KUALA LUMPUR, Jan 4 (Reuters) - Singapore-based Vickers Venture Partners is looking to raise its largest fund yet of up to $500 million later this year as it seeks to increase investment in biotechnology, nanotechnology and artificial intelligence (AI), said its chairman, Finian Tan.
The venture capital firm is already looking for investors to participate in its Fund VI, Tan said in an interview.
“It’s not so soon (but) we are soft-marketing right now, looking for anchor investors for our new fund,” he told Reuters.
At $500 million, Fund VI will be one of the largest venture capital funds to be raised in Southeast Asia.
Singapore-based venture capital firms, which benefit from government incentives, have enjoyed robust fundraising in 2017. Fundraising in the island city has attracted foreign investors ranging from family offices to corporate backers who want a finger in the technology investment space.
Vickers adopts a largely non-thematic strategy globally but is keen to ride on the growth it sees in biotechnology, nanotechnology and AI, Tan said.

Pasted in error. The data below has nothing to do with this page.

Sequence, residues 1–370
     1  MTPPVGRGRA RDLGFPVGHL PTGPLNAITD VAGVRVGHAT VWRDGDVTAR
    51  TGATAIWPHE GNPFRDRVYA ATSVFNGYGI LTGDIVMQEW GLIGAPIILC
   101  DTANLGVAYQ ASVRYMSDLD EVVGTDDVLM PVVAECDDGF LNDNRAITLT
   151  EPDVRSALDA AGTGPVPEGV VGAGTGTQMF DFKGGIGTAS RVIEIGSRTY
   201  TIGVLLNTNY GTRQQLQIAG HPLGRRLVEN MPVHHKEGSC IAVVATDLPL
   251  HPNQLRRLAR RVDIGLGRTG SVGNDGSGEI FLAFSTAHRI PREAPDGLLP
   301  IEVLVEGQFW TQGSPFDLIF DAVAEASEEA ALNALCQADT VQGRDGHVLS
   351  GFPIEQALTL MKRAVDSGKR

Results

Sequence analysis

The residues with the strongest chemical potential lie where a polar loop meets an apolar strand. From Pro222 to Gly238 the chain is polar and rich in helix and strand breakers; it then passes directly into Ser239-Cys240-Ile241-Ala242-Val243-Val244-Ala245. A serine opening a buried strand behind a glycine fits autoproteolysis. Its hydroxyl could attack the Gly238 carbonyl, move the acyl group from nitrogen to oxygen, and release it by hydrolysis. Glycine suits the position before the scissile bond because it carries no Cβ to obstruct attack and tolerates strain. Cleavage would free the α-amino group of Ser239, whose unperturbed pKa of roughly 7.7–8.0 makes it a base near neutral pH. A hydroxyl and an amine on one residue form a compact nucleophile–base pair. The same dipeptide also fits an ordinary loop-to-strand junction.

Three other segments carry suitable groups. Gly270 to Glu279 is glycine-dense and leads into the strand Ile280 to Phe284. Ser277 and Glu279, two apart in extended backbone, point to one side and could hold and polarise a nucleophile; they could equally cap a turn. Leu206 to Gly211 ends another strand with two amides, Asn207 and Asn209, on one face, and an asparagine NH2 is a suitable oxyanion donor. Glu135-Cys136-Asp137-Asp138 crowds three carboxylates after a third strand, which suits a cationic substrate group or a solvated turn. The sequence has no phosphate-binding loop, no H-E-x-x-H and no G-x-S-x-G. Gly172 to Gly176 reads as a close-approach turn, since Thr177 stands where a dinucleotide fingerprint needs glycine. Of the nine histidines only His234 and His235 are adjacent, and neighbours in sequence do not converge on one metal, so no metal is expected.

“In these three megatrends, if you follow them and invest in them, the growth will be exponential,” he said.
The firm closed its fifth fund of $230 million in October. Of that, it has committed to about $130 million in deals and expects another $20 million worth to be closed soon.
“We still have some reserves for follow-on investments, and we probably have space for perhaps another seven new deals,” he said.
Biotechnology is the best-performing sector in Vickers’ portfolio, achieving a multiple of more than 10 times for the firm, Tan said, due largely to an investment five years ago in San Diego-based regenerative medicine technology company Samumed LLC, a unicorn startup valued at $12 billion.
The current average valuation multiple across its first four funds is 5.8 times, with a net internal rate of return of 37 percent.
“All our life science investments are in the U.S. and U.K. currently, but we plan to invest more in Asia,” he said.
Tan’s investment track record includes China’s Baidu Inc five years before it went public - a deal he entered as then-head of Asia at DFJ Eplanet Ventures, and which has since become the one he is most recognised for. The investment made DFJ Eplatnet Ventures the largest shareholder of Baidu when the search engine provider listed. (Reporting by Liz Lee; Editing by Christopher Cushing)